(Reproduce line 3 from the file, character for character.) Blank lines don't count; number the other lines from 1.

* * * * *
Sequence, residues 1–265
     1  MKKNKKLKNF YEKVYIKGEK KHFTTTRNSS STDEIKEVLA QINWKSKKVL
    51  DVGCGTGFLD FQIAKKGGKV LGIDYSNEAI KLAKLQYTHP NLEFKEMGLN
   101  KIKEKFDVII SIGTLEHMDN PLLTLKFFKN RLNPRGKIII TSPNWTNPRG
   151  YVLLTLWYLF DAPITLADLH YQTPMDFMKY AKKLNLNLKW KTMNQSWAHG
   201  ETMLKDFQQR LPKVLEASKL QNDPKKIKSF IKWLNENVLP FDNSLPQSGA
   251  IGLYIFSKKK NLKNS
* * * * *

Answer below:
    51  DVGCGTGFLD FQIAKKGGKV LGIDYSNEAI KLAKLQYTHP NLEFKEMGLN